S&P Improves Panama Debt Rating From BBB- to BBB
Tuesday, July 03 2012 @ 12:51 PM EDT
Contributed by: Don Winner
Editor's Comment: S&P has a total of twelve steps on their ratings scale, ranging from D (worst) to AAA (best). In 2010 all three of the major houses increased Panama's rating to "investment grade" for the first time. In the case of S&P their "BBB-" (level five of twelve steps) is considered to be the first or lowest of the investment grade ratings. This further increase or improvement to a rating of BBB (level four of twelve steps) is a strong independent endorsement of the way the government of Ricardo Martinelli is handling Panama's economy and debt, despite all of the shrill noise being made internally by the members of the political opposition parties. The simple fact of the matter is that under the administration of Ricardo Martinelli Panamanian debt was ranked as "investment grade" for the first time in history, a situation which has improved even further with this additional increase. I now expect the other ratings houses - Fitch and Moody's - will also probably increase Panama's ranking sooner rather than later. Here is an explanation of all of S&P's ratings levels;
- ‘AAA’—Extremely strong capacity to meet financial commitments. Highest Rating.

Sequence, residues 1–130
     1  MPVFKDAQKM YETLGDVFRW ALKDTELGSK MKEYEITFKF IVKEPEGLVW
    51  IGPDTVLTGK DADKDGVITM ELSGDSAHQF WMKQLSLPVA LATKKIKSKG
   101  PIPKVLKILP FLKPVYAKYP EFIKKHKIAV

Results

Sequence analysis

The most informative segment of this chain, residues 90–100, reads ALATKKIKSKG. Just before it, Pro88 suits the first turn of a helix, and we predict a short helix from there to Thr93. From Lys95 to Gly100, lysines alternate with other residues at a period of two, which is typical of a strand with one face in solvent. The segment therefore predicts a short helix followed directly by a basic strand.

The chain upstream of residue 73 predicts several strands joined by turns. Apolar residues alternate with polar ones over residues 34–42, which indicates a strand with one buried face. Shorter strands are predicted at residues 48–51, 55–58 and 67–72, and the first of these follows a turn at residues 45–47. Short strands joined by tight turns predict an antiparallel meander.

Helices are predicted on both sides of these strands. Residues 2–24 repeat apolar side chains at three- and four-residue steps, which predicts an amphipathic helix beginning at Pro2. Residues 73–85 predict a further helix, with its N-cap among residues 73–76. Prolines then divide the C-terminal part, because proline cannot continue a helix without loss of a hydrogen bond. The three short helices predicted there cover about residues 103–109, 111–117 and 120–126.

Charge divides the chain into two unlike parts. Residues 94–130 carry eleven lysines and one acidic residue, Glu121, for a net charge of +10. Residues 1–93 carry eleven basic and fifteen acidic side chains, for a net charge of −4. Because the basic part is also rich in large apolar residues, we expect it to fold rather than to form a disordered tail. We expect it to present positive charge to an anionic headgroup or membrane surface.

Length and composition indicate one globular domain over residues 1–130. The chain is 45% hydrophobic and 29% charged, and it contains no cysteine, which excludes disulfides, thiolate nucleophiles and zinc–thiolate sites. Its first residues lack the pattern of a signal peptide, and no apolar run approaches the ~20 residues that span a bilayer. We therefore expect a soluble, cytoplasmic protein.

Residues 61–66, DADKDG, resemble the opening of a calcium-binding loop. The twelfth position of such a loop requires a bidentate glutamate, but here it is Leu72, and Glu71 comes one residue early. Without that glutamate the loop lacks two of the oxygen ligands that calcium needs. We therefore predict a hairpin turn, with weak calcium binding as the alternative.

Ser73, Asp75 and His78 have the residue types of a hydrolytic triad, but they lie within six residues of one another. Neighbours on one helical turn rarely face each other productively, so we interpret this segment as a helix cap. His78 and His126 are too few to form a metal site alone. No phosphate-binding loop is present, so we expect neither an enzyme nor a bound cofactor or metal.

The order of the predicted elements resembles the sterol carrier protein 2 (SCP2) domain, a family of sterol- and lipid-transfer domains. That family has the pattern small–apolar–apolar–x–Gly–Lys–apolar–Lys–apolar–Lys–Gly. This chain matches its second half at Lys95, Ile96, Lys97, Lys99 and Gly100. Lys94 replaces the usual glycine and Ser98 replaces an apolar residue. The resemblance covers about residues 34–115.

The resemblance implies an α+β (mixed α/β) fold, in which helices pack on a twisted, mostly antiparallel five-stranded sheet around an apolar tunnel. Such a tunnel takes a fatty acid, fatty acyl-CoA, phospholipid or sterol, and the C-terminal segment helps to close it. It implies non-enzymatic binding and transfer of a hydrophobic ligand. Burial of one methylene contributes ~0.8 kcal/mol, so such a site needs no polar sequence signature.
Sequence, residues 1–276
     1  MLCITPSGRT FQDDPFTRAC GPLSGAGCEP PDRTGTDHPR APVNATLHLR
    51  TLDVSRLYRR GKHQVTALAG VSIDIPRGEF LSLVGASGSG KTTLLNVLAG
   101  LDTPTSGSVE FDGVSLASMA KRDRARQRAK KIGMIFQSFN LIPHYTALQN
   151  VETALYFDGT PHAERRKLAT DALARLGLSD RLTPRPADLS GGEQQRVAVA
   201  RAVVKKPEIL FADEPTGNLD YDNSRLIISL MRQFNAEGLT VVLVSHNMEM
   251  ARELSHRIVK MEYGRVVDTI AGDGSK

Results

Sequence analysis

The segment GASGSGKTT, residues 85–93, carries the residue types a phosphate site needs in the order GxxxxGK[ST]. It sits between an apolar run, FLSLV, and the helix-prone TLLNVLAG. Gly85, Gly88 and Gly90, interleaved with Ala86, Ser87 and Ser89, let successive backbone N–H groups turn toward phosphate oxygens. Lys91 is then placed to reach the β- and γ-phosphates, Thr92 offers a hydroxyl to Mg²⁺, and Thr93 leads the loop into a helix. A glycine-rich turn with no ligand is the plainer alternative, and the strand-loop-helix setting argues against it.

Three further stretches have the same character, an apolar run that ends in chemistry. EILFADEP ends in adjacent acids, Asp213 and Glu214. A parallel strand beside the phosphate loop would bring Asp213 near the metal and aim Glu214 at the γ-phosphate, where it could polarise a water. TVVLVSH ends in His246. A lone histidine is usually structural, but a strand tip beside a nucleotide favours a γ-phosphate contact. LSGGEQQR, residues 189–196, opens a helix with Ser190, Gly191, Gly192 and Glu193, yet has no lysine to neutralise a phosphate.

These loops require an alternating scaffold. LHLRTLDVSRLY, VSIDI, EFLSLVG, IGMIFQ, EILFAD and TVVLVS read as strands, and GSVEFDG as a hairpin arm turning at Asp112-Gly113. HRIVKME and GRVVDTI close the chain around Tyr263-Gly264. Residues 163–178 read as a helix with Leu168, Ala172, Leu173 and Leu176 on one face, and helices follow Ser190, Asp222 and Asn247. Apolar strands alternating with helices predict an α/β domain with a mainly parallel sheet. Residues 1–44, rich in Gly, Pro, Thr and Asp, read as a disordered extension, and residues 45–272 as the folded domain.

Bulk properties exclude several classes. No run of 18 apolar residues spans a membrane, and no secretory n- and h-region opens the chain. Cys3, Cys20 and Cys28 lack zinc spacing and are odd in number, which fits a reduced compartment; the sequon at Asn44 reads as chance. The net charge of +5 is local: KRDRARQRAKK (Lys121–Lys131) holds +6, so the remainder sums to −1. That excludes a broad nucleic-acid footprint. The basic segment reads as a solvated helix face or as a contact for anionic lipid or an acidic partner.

- ‘AA’—Very strong capacity to meet financial commitments.
- ‘A’—Strong capacity to meet financial commitments, but somewhat susceptible to adverse economic conditions and changes in circumstances.
- ‘BBB’—Adequate capacity to meet financial commitments, but more subject to adverse economic conditions.
- ‘BBB-‘—Considered lowest investment grade by market participants.
- ‘BB+’—Considered highest speculative grade by market participants.
- ‘BB’—Less vulnerable in the near-term but faces major ongoing uncertainties to adverse business, financial and economic conditions.
- ‘B’—More vulnerable to adverse business, financial and economic conditions but currently has the capacity to meet financial commitments.
- ‘CCC’—Currently vulnerable and dependent on favorable business, financial and economic conditions to meet financial commitments.
- ‘CC’—Currently highly vulnerable.
- ‘C’—Currently highly vulnerable obligations and other defined circumstances.
- ‘D’—Payment default on financial commitments.